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KEV67

How clever are book authors?

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How brainy do you have to be to write a good book? I have often wondered. Can you make up by steady application what you lack in spontaneous creativity? I posted about Umberto Eco earlier. He was definitely very clever. In Focault's Pendulum he had two or three characters discuss the history of Freemasonry, the Rosicrucians and the Knights Templar for about 700 pages . They hardly drew breath. I was frustrated waiting for the action to start. I am looking at a poster of We Need to Talk About Kevin. by Lionel Shriver. When I read that book, I thought this woman is having deeper thoughts than I have ever had during my entire life. Motives and memories are explored at great length. I am reading a biography of Winston Churchill, who did a bit of writing himself, although non-fiction. Despite his school results and officer entry exam results not being outstanding, he was a pretty clever guy with an incredible memory. He wrote a four volume history on the first Duke of Marlborough. He was not a minister at the time, but he was an MP and he was pretty busy with other stuff. I am reading a Jack Reacher. Lee Child can think up some ingenious plots. My favourite booktuber has just had a book published (or accepted for publishing). I do not know how she managed to write a book while holding down a job, reading as many books as she did, and generating so many YouTube videos. She talks quick and she reads quick. I suspect she is pretty clever. J.R.R. Tolkein was a professor of English at Oxford. He must be the king of world building. In Silmarillion he wrote something like an Old Testament for the Lord of the Rings, and he invented at least one new language and parts of others. Still, maybe not every successful author needs to be as clever.

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I don't think brains are necessarily a prerequisite for writing a good and thoughtful book. A mastery of language and the ability to put words together (whether or not it follows grammatical mores) definitely is. Writing is a craft that needs to be worked at and honed, just like somebody can't design a ballgown that will fit, flatter, be comfortable and suit the fabric without knowing about dressmaking and the properties of various materials.

 

The other thing is to read, read, read.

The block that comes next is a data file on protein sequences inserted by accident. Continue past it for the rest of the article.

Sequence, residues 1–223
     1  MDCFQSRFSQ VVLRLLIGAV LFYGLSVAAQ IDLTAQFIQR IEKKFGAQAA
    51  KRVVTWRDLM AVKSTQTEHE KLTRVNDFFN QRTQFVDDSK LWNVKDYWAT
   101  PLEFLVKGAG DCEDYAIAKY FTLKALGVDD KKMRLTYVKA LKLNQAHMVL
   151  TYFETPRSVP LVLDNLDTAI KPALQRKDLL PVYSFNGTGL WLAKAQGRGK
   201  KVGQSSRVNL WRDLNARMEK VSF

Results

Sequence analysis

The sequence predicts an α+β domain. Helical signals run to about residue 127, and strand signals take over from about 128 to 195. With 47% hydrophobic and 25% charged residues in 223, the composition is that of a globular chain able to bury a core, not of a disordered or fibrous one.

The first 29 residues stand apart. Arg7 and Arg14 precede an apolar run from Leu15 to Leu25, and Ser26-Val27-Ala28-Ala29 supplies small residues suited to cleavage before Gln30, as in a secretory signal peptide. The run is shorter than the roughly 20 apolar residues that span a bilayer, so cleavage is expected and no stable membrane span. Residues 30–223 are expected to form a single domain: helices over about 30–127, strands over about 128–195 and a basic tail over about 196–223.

I wouldn't call discussing all sorts of subjects while the reader waits for something to happen clever, it's the literary equivalent of being a pub bore as far as I'm concerned (I haven't read Focault's Pendulum by the way!)

 

Your Youtuber while probably being bright is also probably not reading every word of the books she reviews (ask yourself for a moment how the judges for the Booker manage to read all the books entered, they have to skim) and she may be writing her book in conjunction with someone else. Otherwise she could simply be very organised, if you set yourself to write 500 words a day you can complete an 80,000 word novel in under 6 months.

 

Was Jane Austen super bright? Clever certainly and she came from a very literate family and she wrote and wrote. Dickens? Much of his writing was motivated by the need to make money, Dostoievski was another who was paid by the page. Dickens was also driven by social injustice. Was Emily Bronte brilliant or the owner of an incredible imagination (and another who wrote and wrote and wrote)? Lee Child may be a genius IQ wise for all I know but for me he's the perfect example of someone who is very slick and practiced at producing page turners, some of the plots have huge unliklinesses in them but it doesn't matter  because he's so good at making the reader turn the page. That is clever.

 

 

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I don't think that an ultra high IQ is required to be a good writer either. It's a skill that can be acquired and the more you practice the better it gets.

 

I've read Stephen Hawking and Nietzsche and neither of them wrote novels - as far as I'm aware - and both were super intelligent. 

 

Not read any of the ones you mentioned but good time-management will help a person achieve writing and a full time job at the same time, some people do that naturally and others learn how to do it as they go along and there are also courses on managing time nowadays.

 

Was Shakespeare highly intelligent?

 

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4 hours ago, lunababymoonchild said:

I don't think that an ultra high IQ is required to be a good writer either. It's a skill that can be acquired and the more you practice the better it gets.

 

I've read Stephen Hawking and Nietzsche and neither of them wrote novels - as far as I'm aware - and both were super intelligent. 

 

Not read any of the ones you mentioned but good time-management will help a person achieve writing and a full time job at the same time, some people do that naturally and others learn how to do it as they go along and there are also courses on managing time nowadays.

 

Was Shakespeare highly intelligent?

 

I am sure many productive people do not do much chilling.

 

Regarding Shakespeare, he did not write too many plots. He mostly re-wrote existing stories (maybe I am wrong there). On the other hand, I have never tried to write in iambic pentameter, but it sounds difficult.

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